Brant Goose (Branta bernicla)
What they look like: The Brant is a relatively small goose, with dark brown upperparts and brown-barred, pale gray underparts. They have a black head, a short black neck, and stubby bill. The neck has a partial white ring. The under-tail is pure white, and the tail black and very short (the shortest of any goose). They are about 60 cm long - about the size of a Mallard. The western race, formerly known as the Black Brant, is darker overall.
This dark little goose is often mistaken for a duck by those unfamiliar with waterfowl.
Calls: The call of this bird a quavering crrrr-oonkkk or a soft, rolling "cr-r-r-rk."
Where they live: This species breeds in coastal Alaska and the Canadian Arctic and winters along the Pacific coasts south to California and the Carolinas. Pacific subspecies spends winters along the west coast from British Columbia to Baja California. Preferred habitats include tundra and coastal islands in the Arctic during breeding, and salt marshes and estuaries during winter.
What they eat: These birds live mainly along seacoasts, grazing primarily on eelgrass and other marine plants so they rarely stray from salt water. In the 1930s a disease devastated eelgrass and the brant population dropped. The brants that survived adapted to an alternative diet such as sea lettuce, sea cabbage, saltmarsh grass and lawn grass. Eelgrass recovered and today the brant population has risen.
Nesting: The female lays 3-5 eggs in a nest made of down, moss, lichen, and seaweed located in a depression in the ground (see photo). When the female leaves the nest to forage for food, she covers the eggs with down to keep them warm.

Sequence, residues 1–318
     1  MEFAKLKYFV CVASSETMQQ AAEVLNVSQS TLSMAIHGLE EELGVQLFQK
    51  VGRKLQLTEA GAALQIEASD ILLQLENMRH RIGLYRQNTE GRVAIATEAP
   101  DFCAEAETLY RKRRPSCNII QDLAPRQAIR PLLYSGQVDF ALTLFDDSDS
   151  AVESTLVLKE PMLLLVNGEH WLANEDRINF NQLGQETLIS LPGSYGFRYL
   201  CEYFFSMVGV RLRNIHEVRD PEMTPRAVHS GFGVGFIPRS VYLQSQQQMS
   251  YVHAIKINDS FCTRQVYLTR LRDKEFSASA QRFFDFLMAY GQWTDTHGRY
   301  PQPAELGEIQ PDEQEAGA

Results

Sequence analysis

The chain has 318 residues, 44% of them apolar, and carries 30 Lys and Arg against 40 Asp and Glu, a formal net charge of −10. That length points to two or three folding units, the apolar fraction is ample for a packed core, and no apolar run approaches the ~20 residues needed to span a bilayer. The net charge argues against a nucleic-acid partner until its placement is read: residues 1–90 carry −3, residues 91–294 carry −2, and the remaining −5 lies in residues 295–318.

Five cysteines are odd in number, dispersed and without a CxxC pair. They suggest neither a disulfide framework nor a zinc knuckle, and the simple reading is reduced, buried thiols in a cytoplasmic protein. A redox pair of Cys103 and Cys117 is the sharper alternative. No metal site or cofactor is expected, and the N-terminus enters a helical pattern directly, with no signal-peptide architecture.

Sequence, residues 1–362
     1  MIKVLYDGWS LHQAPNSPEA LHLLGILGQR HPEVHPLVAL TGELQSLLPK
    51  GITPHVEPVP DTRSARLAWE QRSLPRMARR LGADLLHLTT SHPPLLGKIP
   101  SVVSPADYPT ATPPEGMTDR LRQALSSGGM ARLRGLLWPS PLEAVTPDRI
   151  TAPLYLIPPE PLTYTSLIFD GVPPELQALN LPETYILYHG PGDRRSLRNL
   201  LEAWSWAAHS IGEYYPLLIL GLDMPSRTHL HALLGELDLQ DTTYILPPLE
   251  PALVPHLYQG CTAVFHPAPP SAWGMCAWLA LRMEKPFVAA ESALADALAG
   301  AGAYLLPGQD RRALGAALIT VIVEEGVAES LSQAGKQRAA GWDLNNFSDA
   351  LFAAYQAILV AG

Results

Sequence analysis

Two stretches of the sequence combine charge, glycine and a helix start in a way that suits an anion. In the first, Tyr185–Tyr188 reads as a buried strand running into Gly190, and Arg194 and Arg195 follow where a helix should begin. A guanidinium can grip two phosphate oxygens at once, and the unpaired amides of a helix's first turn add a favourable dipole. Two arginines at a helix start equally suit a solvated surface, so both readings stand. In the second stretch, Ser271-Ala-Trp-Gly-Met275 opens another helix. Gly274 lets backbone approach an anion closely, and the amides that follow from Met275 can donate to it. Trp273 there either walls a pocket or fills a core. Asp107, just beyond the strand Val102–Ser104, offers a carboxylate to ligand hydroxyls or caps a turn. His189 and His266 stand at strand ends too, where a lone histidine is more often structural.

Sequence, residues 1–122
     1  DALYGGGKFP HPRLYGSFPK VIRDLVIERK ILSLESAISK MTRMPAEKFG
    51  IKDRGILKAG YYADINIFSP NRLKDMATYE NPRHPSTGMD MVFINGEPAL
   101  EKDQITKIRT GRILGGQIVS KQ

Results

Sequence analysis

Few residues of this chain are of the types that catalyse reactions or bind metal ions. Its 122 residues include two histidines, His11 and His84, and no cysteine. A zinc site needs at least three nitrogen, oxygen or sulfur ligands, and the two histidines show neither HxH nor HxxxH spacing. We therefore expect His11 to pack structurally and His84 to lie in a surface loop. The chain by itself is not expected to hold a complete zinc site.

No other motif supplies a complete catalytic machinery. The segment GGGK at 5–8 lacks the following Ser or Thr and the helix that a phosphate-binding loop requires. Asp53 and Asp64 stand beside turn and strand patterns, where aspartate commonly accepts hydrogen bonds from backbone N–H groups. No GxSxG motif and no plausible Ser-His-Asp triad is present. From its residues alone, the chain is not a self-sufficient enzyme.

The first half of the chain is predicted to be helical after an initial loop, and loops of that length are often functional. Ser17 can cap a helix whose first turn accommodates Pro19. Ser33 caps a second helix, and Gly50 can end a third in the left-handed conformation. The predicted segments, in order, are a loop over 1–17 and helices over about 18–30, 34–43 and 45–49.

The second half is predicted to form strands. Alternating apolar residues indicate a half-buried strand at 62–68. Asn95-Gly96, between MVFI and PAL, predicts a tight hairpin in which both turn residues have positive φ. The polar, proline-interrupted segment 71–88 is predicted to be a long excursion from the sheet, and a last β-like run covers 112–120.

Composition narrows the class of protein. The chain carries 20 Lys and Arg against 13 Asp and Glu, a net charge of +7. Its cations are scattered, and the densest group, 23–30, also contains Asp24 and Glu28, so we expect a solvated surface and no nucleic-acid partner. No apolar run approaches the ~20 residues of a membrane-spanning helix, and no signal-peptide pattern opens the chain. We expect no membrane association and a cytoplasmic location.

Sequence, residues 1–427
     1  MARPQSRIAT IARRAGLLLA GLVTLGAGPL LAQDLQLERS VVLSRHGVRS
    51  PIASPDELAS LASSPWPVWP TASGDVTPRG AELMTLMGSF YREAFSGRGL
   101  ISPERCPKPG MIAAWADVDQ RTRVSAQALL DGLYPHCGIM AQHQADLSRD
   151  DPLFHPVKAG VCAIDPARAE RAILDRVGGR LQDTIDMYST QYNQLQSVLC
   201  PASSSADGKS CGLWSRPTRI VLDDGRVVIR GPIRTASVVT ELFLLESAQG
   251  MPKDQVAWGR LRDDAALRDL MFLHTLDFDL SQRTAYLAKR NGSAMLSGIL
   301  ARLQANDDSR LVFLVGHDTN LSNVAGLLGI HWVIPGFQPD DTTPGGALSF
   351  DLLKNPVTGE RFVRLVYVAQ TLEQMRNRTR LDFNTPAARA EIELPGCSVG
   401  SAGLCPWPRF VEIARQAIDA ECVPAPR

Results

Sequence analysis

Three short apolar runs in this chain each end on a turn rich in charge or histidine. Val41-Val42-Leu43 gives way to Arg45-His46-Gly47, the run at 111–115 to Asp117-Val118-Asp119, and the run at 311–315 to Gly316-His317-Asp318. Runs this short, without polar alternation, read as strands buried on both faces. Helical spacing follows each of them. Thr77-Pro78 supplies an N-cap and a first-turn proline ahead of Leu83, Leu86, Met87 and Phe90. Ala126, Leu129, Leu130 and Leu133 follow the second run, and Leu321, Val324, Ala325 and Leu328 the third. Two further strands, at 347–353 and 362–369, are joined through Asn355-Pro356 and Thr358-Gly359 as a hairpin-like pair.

The eggs take a little less than a month to hatch. The chicks will leave the nest and are led to forage for food within a few days. The chicks fledge in 40-50 days, but they stay with their parents throughout the winter. Brant pairs usually remain together and return to the same breeding ground year-after-year.
Migration: Brants are long distance migrators. Some birds fly 3,000 miles from their nesting grounds on the coast of Arctic Ocean to the warm coast of Baja, Mexico. Other groups migrate from the Arctic down the Hudson Bay to the Atlantic Coast.
Brants don't migrate in V's like Canada geese or straight lines like snow geese. They fly in unorganized groups.
Did you know?
Animal silhouettes available to purchase »
Photos: Natures Pics and U.S. Fish and Wildlife Service (nest)
Photos: Brant photo galleryVideos: Brant videos More Information: Black Brant Geese - Washington Brant Foundation
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